As always with a vacation, there’s a bunch of miscellaneous items of interest that can’t really be collected into a specific “theme”. The places are widely scattered geographically, they’re small enough so that detailed posts aren’t called for, etc. Then there are all the general observations about the city and local customs.
This final post on Amsterdam will cover all of that, since you’re probably as tired of reading about it as I am of writing it.
The Tulip Museum packs a surprising amount of information in what is essentially the basement and back room of a store. A very cool series of displays shows how the tulip got from its natural origins in the “Stan” countries to Persia to Constantinople to the Netherlands to modern gardens.
The Torture Museum isn’t really that great. They did have a nice collection of devices used for everything from shaming people who talked too much to causing intense pain until the suspect spilled the beans, but I was honestly expecting to see some information on where and when those objects came from. I suspect, in retrospect, that all the devices were reconstructions and replicas and not original objects. I suppose that the intent of the exhibit is to either “scare” people (when you visit the place with a bunch of friends, you can creep each other out by talking about what it must have been like to have one of those devices used on you, or you can tease each other with threats of using them) or get people thinking about the use of torture and the “third degree” in the modern world.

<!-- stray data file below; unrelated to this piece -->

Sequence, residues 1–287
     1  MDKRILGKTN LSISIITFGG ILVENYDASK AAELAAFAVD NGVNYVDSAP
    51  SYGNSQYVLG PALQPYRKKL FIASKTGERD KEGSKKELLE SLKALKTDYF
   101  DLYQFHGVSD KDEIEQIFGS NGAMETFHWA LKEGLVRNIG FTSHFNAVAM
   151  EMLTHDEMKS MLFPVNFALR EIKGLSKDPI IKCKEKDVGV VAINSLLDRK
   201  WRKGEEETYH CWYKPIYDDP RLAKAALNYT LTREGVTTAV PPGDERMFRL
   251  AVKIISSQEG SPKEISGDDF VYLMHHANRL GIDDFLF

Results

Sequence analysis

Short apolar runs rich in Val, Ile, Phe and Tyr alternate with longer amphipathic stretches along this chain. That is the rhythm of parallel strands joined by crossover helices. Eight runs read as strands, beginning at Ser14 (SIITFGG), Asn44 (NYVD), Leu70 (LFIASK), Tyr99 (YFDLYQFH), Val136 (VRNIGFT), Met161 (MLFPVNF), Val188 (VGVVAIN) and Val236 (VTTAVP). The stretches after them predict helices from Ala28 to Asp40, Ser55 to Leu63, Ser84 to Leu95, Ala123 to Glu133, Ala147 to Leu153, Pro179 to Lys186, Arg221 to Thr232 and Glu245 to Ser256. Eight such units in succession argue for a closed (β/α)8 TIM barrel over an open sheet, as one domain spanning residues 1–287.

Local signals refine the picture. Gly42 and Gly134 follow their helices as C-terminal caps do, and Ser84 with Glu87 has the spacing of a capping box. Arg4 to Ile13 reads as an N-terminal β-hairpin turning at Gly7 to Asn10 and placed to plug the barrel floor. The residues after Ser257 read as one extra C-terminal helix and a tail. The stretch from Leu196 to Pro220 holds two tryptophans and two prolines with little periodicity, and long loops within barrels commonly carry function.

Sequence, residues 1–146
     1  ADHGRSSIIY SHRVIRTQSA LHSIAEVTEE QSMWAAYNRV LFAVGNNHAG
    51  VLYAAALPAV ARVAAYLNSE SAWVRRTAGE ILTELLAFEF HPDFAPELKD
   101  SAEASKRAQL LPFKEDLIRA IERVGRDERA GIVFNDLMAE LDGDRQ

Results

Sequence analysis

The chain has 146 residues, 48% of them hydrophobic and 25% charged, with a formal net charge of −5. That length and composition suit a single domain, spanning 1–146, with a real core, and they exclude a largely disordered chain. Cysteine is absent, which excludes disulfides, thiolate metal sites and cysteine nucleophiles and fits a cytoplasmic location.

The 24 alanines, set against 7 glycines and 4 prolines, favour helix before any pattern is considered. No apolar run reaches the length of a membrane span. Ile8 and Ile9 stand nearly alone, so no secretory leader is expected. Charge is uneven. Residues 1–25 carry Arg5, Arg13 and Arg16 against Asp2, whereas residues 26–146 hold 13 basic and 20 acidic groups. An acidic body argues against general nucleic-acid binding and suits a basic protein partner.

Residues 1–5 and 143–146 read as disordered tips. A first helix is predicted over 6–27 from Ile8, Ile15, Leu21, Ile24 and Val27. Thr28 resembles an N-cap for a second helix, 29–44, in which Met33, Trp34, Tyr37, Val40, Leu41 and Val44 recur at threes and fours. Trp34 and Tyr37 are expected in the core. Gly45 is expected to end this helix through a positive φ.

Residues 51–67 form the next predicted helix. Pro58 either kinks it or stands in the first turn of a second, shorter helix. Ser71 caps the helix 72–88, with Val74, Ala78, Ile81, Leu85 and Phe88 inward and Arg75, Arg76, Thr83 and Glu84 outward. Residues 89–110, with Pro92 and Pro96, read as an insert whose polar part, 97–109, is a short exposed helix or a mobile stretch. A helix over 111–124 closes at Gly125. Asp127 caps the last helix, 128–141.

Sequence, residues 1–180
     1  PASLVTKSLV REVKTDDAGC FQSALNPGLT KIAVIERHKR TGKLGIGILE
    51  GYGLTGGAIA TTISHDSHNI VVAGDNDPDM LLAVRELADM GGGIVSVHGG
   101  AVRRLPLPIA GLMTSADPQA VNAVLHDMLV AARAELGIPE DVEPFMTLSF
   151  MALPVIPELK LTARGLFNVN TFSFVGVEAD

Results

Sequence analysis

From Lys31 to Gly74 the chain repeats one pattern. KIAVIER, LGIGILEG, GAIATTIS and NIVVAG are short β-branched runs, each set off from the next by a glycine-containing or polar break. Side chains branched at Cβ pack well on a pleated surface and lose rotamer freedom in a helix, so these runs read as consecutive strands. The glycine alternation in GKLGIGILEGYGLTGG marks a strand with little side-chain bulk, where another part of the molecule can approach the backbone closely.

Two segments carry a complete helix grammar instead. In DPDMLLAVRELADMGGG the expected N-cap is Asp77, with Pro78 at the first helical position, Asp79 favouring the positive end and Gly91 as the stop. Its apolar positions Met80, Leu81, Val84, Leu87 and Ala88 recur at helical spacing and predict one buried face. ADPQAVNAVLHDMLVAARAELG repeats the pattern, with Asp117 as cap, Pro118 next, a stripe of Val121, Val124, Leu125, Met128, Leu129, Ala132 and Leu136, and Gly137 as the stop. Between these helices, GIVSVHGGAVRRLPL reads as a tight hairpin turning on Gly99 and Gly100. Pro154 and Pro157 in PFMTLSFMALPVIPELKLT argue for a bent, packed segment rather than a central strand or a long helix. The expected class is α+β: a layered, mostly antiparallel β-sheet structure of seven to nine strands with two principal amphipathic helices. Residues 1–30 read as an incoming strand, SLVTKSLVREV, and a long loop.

One place that actually is worth at least a half day visit is the Amsterdam Museum, the museum of the city and its history. They do indeed cover a good deal of the city’s past, but they realize that history doesn’t stop once you get into “living memory”. When I visited, one large exhibit was on The Paradiso, a famous nightclub that’s celebrating its fiftieth anniversary this year.
And tucked away in a little room on the top floor is an exhibit on Bet van Beeren, the legendary proprietor of the Café t’Mandje. I don’t know of any other place that’s honored a barkeeper with a room in their history museum! I wish I found out about it in time to pay the actual café a visit. Maybe next time….
Also worth a visit – during the few hours that they are open – is the Cat Boat. That’s a houseboat converted to a shelter for stray (and adoptable!) cats. Cat lovers have given it a high rating on all the tourist info sites like Trip Advisor.
Speaking of houseboats, you’d probably like to live on one in this city of canals, right? Turns out that Amsterdam restricts their number. And although you might own the boat, you rent the water. And the “rent” in terms of fees and taxes is very high. And all the available spaces are taken. You’ll have to wait until someone dies or a boat sinks (which does happen) for a space to open up.
I also note that while the city is very “walkable”, it can be tough on your feet. Many of the sidewalks and alleys are paved with bricks or paving stones, making the surface rather uneven and lumpy. Even with cushioned insoles in my shoes, my feet and knees were killing me after two days. Pay attention when crossing streets, too! There are often separate lanes for bikes and trams, and sometimes they even cross each other with their own signals.
In my research prior to my trip, I read that tipping isn’t as “required” as it is here in the US. But pretty much every little coffee or snack shop had a tip jar, and every restaurant had space to include a tip on the bill. It was confusing. I hope I didn’t embarrass myself. And speaking of paying at a store or restaurant, many places are going with the “No Cash Accepted” trend. Look for modest signs at the entrance with the circle and diagonal line over a representation of bills and coins.